Optimization of nickel, cobalt and lithium recovery processes from spent li-ion batteries

Tekmanlı, Fırat
Since lithium-ion batteries are standard in electric vehicles and electrical devices and have the potential to be used widely in the future, it is essential to recycle end-of-life batteries. Waste lithium-ion batteries are harmful to the environment and human health and should be recycled also due to their critical metals. Lithium-ion batteries can be classified according to their cathode chemistry. In this thesis, the recycling of lithium-ion batteries with NMC-type (Nickel- Manganese-Cobalt) cathode chemistry was discussed. Two different approaches have been studied for the recycling of waste batteries. The first approach concerns the use of cathode active materials to make new electrodes by stripping them from the current collector foil and directly turning them into sludge. Three different methods have been studied for this approach. These are pyrolysis method, dissolution of PVDF method and dissolving of aluminum foil method. The pyrolysis method shows negative contribution on the performance of cathode active materials in terms of both capacity and cycle life. The dissolution of PVDF method shows promising electrochemical results but the residual PVDF leads to particle agglomeration which is not desired. In the dissolution of aluminum method, residual aluminum leads poor capacity retention. The other approach is to leach waste lithium ion cathodes with acid and then synthesize new cathode active material by direct co-precipitation method with the obtained leaching solution. In this approach, up to 99% Li, 97% Ni, 96% Co and 98% Mn by weight are recovered from the cathode mass and new cathode active materials were synthesized via co-precipitation method. The electrode prepared with this material shows 94.2% capacity retention after 50 cycle and discharge capacities at first and final were 151.58 mAh/g and 142.83 mAh/g,respectively, at 0.5C rate with the reference capacity of NMC-111 is 155 mAh/g. In both approaches, the aim is to create a closed-loop recycling process and to eliminate the extra steps as in conventional methods. Many pyrometallurgical and hydrometallurgical studies have been carried out worldwide for recycling processes. Still, it is not a closed-loop process yet, and hydrometallurgical studies with various acids and reducing agents need optimization. Lithium-ion batteries, intended to be recycled by hydrometallurgical methods, not by pyrometallurgical modes in terms of environmental pollution, are disassembled in this thesis. The emission of HF gas during the processes was investigated and its effect on the cathode properties was investigated. Acid leaching was carried out with various acids and reducing agents. Eventually, the closed-loop recycling and resynthesis processes successfully demonstrated the targeted performance.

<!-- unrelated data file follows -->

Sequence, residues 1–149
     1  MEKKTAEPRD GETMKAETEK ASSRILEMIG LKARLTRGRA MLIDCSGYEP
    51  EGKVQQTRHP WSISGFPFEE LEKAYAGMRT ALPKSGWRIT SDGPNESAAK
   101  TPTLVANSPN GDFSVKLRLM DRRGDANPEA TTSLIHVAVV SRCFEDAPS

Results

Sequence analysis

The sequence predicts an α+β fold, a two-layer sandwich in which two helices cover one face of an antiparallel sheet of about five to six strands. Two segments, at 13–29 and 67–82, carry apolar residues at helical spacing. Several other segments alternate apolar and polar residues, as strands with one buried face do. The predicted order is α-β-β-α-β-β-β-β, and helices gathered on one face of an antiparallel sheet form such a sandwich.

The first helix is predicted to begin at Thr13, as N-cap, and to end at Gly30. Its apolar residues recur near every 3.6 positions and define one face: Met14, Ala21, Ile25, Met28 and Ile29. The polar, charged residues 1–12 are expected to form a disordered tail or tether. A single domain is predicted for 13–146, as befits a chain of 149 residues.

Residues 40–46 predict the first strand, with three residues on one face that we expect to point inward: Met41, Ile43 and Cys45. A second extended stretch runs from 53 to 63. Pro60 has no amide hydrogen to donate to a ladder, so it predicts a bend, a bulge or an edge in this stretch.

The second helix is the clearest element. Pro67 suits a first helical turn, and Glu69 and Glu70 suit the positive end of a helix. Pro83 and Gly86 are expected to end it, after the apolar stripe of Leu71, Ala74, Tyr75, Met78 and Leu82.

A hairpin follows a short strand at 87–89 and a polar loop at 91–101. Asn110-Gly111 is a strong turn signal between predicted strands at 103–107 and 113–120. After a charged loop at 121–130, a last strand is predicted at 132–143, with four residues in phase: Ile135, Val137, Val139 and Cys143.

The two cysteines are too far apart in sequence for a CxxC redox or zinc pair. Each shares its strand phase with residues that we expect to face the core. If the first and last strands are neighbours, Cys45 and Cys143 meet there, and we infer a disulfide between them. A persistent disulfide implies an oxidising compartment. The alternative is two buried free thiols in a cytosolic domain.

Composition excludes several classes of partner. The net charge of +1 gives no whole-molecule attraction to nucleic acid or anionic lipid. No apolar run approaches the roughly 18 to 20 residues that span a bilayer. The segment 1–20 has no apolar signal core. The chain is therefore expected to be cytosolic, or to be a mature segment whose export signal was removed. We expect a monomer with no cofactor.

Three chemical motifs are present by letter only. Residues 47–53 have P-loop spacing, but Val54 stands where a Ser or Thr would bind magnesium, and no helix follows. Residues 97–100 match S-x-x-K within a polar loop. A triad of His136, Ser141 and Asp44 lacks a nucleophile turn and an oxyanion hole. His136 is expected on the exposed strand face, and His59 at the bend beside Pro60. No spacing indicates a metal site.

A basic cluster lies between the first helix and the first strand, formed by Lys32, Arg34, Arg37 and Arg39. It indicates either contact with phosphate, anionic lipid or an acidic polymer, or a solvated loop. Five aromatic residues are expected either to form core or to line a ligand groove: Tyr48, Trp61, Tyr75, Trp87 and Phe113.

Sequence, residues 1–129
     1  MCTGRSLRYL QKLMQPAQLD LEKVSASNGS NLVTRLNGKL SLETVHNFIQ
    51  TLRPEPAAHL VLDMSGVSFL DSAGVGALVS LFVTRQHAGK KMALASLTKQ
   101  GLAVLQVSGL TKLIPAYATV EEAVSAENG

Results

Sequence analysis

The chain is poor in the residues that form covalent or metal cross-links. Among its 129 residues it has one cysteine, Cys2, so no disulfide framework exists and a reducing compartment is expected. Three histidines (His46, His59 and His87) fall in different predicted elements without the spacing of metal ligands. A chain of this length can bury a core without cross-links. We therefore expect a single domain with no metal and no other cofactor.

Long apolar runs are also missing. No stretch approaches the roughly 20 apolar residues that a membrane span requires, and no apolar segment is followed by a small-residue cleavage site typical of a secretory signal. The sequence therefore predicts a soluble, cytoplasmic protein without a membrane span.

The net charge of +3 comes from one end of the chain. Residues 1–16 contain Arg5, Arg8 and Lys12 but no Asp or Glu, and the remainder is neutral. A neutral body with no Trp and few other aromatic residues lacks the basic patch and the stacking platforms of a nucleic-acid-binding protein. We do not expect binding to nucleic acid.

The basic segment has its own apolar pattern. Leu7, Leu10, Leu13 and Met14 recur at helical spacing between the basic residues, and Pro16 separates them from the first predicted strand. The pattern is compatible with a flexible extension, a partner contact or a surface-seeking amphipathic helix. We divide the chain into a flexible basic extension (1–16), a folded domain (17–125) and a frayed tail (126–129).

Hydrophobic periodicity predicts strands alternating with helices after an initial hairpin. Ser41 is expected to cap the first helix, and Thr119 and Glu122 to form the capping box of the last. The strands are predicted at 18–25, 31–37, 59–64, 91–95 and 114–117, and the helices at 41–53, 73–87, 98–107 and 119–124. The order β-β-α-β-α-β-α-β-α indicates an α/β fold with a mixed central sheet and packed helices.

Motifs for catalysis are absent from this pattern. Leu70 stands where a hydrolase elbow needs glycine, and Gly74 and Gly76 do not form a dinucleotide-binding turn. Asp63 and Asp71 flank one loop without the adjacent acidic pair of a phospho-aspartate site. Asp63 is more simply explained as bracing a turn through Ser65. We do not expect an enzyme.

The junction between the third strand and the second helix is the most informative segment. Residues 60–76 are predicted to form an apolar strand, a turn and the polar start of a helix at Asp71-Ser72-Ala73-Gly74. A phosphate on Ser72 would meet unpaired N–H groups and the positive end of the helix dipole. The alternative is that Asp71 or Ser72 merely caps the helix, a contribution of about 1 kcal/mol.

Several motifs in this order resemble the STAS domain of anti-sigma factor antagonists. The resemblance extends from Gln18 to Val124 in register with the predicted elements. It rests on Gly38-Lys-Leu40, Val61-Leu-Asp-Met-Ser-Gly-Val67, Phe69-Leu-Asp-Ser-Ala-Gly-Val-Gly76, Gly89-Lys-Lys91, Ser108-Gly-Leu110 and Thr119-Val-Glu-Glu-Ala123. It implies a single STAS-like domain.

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Citation Formats
F. Tekmanlı, “Optimization of nickel, cobalt and lithium recovery processes from spent li-ion batteries,” M.S. - Master of Science, Middle East Technical University, 2022.